In 1937 plans began to build a new hospital to replace the small cramped Jewish Maternity Hospital
in Whitechapel. A site in Stoke Newington was favoured as by this
time a large number of the Jewish younger generation had moved away
from the East End to north London. Considerable amounts of money
had been raised for the project from pennies subscribed by poor Jews in
the East End as well as from many wealthy donors, including Viscount Bearsted, after whose family the Hospital was named.
Building work began in 1939 but almost immediately had to be
deferred because of the outbreak of WW2. Additional premises were
acquired at Hampton Court; this annex became known as the Bearsted Maternity Hospital.
In 1945 permission was granted for part of the new Hospital to be built
in Lordship Road. This first section was finally completed in
August 1947 and officially opened in December by Viscountess
Bearsted, the president of the Hospital. It had 30 beds,
including 6 private patient rooms, plus 28 beds at its Hampton Court
branch over 20 miles away. Until the rest of the building could
be completed, the Hospital made arrangements with the Prince of Wales General Hospital
to use their X-ray, pathological and dental services. In fact, in
time, the medical staff in obstetrics, gynaecology and paediatrics
served both Hospitals.
The Hospital joined the NHS in 1948 and, while still mainly catering
for orthodox Jewish mothers (some 80%), also admitted women of other
By 1954 the building had still not been completed, although the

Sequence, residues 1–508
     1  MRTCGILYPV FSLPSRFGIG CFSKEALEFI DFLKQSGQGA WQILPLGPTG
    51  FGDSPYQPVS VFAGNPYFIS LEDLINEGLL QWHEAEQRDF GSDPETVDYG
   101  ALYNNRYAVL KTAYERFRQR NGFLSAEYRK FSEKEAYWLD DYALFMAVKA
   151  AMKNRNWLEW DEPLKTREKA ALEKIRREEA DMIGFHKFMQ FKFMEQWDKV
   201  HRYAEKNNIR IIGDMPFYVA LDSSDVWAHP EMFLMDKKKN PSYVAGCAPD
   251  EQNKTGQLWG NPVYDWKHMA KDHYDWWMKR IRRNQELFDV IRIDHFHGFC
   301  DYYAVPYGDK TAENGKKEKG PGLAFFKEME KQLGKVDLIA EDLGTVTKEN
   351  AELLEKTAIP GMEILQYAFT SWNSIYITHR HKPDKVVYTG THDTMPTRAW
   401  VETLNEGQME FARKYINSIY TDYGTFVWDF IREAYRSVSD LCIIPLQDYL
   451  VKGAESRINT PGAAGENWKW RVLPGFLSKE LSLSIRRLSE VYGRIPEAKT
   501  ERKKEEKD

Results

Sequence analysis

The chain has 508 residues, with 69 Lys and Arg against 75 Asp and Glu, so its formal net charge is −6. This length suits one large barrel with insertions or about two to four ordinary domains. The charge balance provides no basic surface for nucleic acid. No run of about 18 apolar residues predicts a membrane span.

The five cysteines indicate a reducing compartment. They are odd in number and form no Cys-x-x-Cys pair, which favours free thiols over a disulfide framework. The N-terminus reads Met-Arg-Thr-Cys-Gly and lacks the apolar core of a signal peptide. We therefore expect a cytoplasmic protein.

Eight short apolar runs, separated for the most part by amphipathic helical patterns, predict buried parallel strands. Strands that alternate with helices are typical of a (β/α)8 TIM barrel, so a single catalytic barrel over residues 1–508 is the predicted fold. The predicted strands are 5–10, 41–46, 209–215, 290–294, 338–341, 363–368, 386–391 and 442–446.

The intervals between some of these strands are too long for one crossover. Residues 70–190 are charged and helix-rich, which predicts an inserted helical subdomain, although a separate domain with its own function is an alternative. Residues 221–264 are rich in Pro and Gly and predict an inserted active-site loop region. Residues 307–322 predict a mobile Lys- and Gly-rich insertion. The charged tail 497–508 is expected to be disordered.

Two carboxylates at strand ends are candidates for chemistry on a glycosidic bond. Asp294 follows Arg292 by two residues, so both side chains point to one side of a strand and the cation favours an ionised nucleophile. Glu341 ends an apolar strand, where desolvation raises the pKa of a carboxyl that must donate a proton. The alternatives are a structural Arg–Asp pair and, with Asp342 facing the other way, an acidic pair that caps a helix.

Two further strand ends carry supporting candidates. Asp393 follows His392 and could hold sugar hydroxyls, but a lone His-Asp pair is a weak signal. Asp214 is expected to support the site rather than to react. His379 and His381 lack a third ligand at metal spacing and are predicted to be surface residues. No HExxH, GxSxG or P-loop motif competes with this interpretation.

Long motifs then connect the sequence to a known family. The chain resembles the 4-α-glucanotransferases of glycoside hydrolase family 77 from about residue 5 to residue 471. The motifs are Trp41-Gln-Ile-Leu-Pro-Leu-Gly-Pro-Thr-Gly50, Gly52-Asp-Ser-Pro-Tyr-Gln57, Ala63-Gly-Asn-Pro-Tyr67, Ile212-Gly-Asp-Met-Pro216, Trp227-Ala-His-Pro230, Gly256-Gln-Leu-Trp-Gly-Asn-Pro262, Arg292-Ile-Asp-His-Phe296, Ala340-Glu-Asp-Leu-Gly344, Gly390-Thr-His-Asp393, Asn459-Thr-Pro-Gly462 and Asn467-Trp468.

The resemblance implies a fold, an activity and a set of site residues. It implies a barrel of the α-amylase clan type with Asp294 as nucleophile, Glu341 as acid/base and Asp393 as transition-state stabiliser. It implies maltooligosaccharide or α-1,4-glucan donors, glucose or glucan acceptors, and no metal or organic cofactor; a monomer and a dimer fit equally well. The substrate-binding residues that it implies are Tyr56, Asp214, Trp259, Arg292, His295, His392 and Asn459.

Minister of Health had promised in 1952 it would be. Labour wards
and operating theatres had been installed for a hospital that would
eventually have 100 beds, as well as kitchens and heating and steam
By 1969 the Royal College of Obstetricians had withdrawn recognition of
the Hospital for postgraduate medical training because of the lack of
sufficient beds, and this lack of beds also threatened withdrawal
of the midwifery training school by the Central Midwives Board, who
believed that a minimum of 50 beds was necessary for satisfactory
training. The Hospital sought permission to add another storey so
that there would be 68 beds, but this was denied.
By 1971 the decreasing Jewish population of the area and subsequent
reduction in the number of Jewish mothers admitted to the Hospital
affected the training of mohelim, who performed ritual circumcisions
there (17 were performed in 1971, compared to 33 in 1970 and 37 in
In November 1974 the Enfield and Haringey Area Health Authority ordered
the Hospital to be closed, ostensibly because of staff shortages.
However, the real reason for the closure seemed to be that
there was a large surplus of maternity beds in the district when the
new maternity wing at the North Middlesex Hospital opened.
(Government policy at this time, following a major NHS
reorganisation, was that maternity units should be placed in a district
general hospital rather than be stand-alone units.)
Protest over the closure of the unique Jewish maternity hospital was
made by the Board of Deputies of British Jews, the Chief Rabbi and the
Jewish Chronicle, as well as a petition signed by over 2000 people, but
this made no difference.
The Department of Health and Social Security
handed the Bearsted Memorial Hospital back to the Jewish community for
'social service purposes'.